A polite rebuke of Pope Francis’ economic confusion

Review of Pope Francis and the Caring Society, edited by Robert M. Whaples; The Independent Institute, Oakland, CA; 2017, 234 pp. Having toiled in the free-market research universe for nearly two decades, perhaps the most common misperception I’ve encountered is “whataboutism.” Readers know of which I write: “What about BP and Deepwater Horizon?” or “What about Enron?” and, perhaps most stridently, “What about the mortgage-lending industry’s complicity in causing the Great Recession?” When this rhetorical strafing fails, there’s always the “What about the poor?” and the “What about the environment?” macro-strategies. Continue Reading...

FAQ: Trump’s steel and aluminum tariffs

President Donald Trump is scheduled to announce new steel and aluminum tariffs from the White House at 3:30 p.m. local time. What is President Trump going to announce? Trade officials have said the president will impose across-the-board tariffs of 25 percent on imported steel and 10 percent on aluminum, which will go into effect between 15 and 30 days from now. Continue Reading...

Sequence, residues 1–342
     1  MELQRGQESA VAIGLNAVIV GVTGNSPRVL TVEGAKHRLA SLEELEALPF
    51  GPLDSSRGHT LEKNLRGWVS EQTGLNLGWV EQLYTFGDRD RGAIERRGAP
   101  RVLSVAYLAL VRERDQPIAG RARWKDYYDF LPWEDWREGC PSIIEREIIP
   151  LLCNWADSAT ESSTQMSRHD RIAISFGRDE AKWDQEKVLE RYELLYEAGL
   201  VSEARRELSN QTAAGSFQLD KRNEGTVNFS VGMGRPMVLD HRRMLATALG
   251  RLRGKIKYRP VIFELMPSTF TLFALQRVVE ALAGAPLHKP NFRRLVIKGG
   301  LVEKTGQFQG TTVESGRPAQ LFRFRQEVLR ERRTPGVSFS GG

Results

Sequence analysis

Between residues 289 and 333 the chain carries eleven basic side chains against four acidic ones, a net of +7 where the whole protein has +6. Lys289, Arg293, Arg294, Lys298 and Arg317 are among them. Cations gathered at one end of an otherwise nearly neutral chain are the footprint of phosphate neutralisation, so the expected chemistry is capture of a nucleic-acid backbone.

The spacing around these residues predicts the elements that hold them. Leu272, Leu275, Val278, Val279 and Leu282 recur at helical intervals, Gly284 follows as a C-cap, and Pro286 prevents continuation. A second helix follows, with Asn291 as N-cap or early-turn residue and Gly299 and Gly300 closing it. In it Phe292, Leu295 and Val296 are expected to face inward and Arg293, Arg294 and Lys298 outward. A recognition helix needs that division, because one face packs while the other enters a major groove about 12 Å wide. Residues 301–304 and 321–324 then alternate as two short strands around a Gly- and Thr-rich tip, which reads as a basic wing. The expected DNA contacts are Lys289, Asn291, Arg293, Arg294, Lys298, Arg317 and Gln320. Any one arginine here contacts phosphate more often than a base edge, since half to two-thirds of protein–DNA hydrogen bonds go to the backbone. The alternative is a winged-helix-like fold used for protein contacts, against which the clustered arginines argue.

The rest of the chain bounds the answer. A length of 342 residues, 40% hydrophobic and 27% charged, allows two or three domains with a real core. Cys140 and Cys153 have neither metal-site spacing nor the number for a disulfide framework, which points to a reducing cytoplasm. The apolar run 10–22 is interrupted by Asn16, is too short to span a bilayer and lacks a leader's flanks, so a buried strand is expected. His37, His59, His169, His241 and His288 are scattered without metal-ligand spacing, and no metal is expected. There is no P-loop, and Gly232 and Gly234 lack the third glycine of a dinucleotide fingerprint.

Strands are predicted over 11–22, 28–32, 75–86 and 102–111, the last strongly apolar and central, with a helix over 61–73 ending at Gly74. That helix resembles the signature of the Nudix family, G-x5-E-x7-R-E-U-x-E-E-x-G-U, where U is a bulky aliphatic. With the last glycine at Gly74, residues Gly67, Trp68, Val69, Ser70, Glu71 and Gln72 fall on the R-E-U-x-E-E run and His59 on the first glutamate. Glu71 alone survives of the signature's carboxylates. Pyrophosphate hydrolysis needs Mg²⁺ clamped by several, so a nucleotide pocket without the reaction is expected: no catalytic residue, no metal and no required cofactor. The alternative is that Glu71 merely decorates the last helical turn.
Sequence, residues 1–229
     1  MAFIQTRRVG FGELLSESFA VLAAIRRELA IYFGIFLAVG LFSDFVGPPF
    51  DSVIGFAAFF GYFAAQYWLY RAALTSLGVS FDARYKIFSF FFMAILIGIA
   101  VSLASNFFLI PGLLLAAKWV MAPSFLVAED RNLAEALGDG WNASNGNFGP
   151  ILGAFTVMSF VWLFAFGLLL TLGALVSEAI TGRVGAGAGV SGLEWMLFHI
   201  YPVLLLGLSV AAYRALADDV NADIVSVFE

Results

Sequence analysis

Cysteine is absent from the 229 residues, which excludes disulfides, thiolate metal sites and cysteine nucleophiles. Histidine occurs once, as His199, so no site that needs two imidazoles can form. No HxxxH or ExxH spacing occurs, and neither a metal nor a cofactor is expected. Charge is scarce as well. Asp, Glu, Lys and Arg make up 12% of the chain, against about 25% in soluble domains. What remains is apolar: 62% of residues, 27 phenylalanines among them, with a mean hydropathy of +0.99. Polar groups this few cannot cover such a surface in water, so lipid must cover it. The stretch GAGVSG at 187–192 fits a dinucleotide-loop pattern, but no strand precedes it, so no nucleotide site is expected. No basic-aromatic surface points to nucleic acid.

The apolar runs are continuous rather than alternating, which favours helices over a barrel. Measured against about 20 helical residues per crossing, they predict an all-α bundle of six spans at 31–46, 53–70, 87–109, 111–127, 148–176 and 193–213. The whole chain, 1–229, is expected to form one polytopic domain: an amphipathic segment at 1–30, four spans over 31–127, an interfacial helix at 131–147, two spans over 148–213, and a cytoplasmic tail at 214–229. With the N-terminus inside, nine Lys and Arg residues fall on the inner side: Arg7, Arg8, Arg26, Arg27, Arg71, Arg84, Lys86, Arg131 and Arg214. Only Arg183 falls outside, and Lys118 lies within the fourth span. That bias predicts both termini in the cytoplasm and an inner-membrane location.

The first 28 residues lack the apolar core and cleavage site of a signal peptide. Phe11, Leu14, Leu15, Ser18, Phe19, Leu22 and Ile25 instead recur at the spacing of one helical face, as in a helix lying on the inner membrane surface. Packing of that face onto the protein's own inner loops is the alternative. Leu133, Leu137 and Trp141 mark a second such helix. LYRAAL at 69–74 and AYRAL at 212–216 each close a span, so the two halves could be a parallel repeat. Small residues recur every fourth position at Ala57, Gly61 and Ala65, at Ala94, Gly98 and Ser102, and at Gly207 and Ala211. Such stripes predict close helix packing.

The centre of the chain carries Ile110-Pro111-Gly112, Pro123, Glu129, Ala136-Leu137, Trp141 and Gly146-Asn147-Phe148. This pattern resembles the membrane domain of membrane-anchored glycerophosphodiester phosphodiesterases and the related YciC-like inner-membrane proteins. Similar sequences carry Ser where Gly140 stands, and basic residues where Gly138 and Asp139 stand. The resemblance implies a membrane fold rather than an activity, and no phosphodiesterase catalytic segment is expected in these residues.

Black Panther has something important to offer

In this week’s Acton Commentary I examine the dynamics of marginalization and solidarity in the blockbuster phenomenon Black Panther. As so many commentators have suggested, there’s a lot to this film, and one of the important things it has to offer is a valuable perspective on the underlying unity amidst diversity in humanity. Continue Reading...

Isolationism and internationalism in Black Panther

I finally got around to seeing Black Panther last night, and my early reaction echoes so much of the overwhelmingly positive response to the film. As so many superhero tales do, Black Panther weaves together complex ideas within the often deceptively fantastical trappings of science fiction and fantasy. Continue Reading...

Riding the net neutrality see-saw

This week, I was one of several commenters consulted in Nicholas Wolfram Smith’s article “FCC Repeal of Net Neutrality Leads to Lively Fight” for the National Catholic Register. I think Smith did a fine job conveying my primary concern: But according to Dylan Pahman, a researcher and managing editor of Acton Institute’s Journal of Markets & Morality, one of the problems with the 2015 net neutrality regulations was that it gave the government far too much regulatory power over ISPs. Continue Reading...

Ending America’s bigoted education laws

When James Blaine introduced his ill-fated constitutional amendment in 1875, he probably never would have imagined the unintended consequences it would have over a hundred years later. Blaine wanted to prohibit the use of state funds at “sectarian” schools (a code word for Catholic parochial schools) in order to inhibit immigration. Continue Reading...